When choosing the proper bike saddle for your bike, it can seem overwhelming. There are so many shapes, sizes, and brands to pick from. Everyone is unique when it comes to the right saddle so here are some basics to help you understand the function of your cycling saddle so you can make an educated decision on what saddle works best for you.


The function of a bike saddle

What a saddle needs to do is to support your hips and allow pelvic rotation to occur. This pelvic rotation can vary to some extent, depending on the type of bike you are riding. A saddle should not put a lot of pressure on soft tissue.

The saddle selection also depends on where you are as a rider and where you are going to grow as a cyclist. When we go through a bike fit, we look at what’s going on, figure out where you are, and get a good history from you. Based on that we can make a saddle selection that you can grow into.


How to sit on a saddle

When you are sitting on a saddle, you have the ischium, tuberosity (that is the bony part of your butt), and your pubic symphysis. You DO NOT want to be sitting on your tuberosity or pubic symphysis. You want the saddle to support your ischium by rotating your pelvis forward.


diagram of the ischium

Depending on the type of bike you are riding (road, mountain bike, triathlon), where you sit on the saddle will vary. If you are on an enduro bike, you’ll be sitting father back vs a triathlon bike where you’ll be sitting father forward. There are degrees of rotation and a lot of saddle options out there that will give you the ideal saddle position.


Triathlon Saddles

I often get asked about triathlon saddles. When you are sitting on a triathlon-specific saddle, the front part of your ischium is supported. But if you start to scoot forward and sit on the nose of the saddle, the pressure becomes acute. You want to sit back and rotate forward on these types of saddles. Once you experience the correct way to sit by rotating your pelvis forward, you won’t go back to the old way!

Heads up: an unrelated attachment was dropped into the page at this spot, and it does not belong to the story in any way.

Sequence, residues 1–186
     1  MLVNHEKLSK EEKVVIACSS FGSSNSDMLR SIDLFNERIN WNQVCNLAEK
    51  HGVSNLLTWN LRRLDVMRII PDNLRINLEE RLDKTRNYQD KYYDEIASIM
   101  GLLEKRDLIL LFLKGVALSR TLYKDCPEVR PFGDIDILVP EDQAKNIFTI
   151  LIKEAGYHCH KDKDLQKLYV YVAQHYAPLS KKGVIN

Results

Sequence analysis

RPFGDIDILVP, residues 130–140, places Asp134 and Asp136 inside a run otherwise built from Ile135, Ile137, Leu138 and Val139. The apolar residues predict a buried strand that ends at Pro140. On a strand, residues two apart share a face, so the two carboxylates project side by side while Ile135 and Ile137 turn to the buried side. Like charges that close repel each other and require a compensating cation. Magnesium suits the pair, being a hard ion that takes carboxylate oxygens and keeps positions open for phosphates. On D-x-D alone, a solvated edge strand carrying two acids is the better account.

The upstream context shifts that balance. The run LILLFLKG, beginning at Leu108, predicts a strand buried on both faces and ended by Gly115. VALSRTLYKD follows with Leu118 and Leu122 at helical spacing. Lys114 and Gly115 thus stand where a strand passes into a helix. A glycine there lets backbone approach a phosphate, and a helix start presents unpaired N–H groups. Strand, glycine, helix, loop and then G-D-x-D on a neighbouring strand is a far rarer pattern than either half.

Saddles to avoid

Types of saddles you should avoid are thick gel saddles and gel covers. These saddles have less support for your hips and generally add more acute pressure in those soft tissue areas.

Here are the key takeaways on saddles:

  • The saddle needs to support the hips
  • The saddle should not put a lot of pressure on the soft tissue area
  • Saddle selection can depend on riding style and cycling position
  • Thick gel saddles are generally not good
  • Gel covers are very bad


Need help with your saddle selection?  Book a 3D Bike Fit with us today! (We offer virtual and in-person fits!) Learn how we can optimize your position, form, and make sure you are set up with your ideal saddle. Click here to learn more!


About Aaron Ross:

Aaron Ross has a long-standing career in the cycling industry. His 20+ year background includes being the Faster Wind Tunnel GM, managing wind tunnel operations for over 5 years. Aaron has extensive technical experience in aerodynamics and biomechanics, and he has considerable product development knowledge working with manufacturers, world-class athletes, and teams. When not helping athletes, Aaron can be found adventuring on his dirt bike.